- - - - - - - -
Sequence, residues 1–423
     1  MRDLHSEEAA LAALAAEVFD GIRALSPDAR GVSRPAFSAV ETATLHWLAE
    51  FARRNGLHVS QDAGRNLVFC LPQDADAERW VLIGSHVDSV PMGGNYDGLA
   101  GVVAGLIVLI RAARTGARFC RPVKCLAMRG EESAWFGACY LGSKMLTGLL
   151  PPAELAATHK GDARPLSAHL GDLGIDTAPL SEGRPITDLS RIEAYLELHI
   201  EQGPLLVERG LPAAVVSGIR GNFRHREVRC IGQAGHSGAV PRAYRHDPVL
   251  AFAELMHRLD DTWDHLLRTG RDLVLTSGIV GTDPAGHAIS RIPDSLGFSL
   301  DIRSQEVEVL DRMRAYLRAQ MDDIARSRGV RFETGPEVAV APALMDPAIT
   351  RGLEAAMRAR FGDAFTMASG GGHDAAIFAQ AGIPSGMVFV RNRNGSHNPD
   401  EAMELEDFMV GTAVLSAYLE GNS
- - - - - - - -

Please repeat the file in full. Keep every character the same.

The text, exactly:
Sequence, residues 1–423
     1  MRDLHSEEAA LAALAAEVFD GIRALSPDAR GVSRPAFSAV ETATLHWLAE
    51  FARRNGLHVS QDAGRNLVFC LPQDADAERW VLIGSHVDSV PMGGNYDGLA
   101  GVVAGLIVLI RAARTGARFC RPVKCLAMRG EESAWFGACY LGSKMLTGLL
   151  PPAELAATHK GDARPLSAHL GDLGIDTAPL SEGRPITDLS RIEAYLELHI
   201  EQGPLLVERG LPAAVVSGIR GNFRHREVRC IGQAGHSGAV PRAYRHDPVL
   251  AFAELMHRLD DTWDHLLRTG RDLVLTSGIV GTDPAGHAIS RIPDSLGFSL
   301  DIRSQEVEVL DRMRAYLRAQ MDDIARSRGV RFETGPEVAV APALMDPAIT
   351  RGLEAAMRAR FGDAFTMASG GGHDAAIFAQ AGIPSGMVFV RNRNGSHNPD
   401  EAMELEDFMV GTAVLSAYLE GNS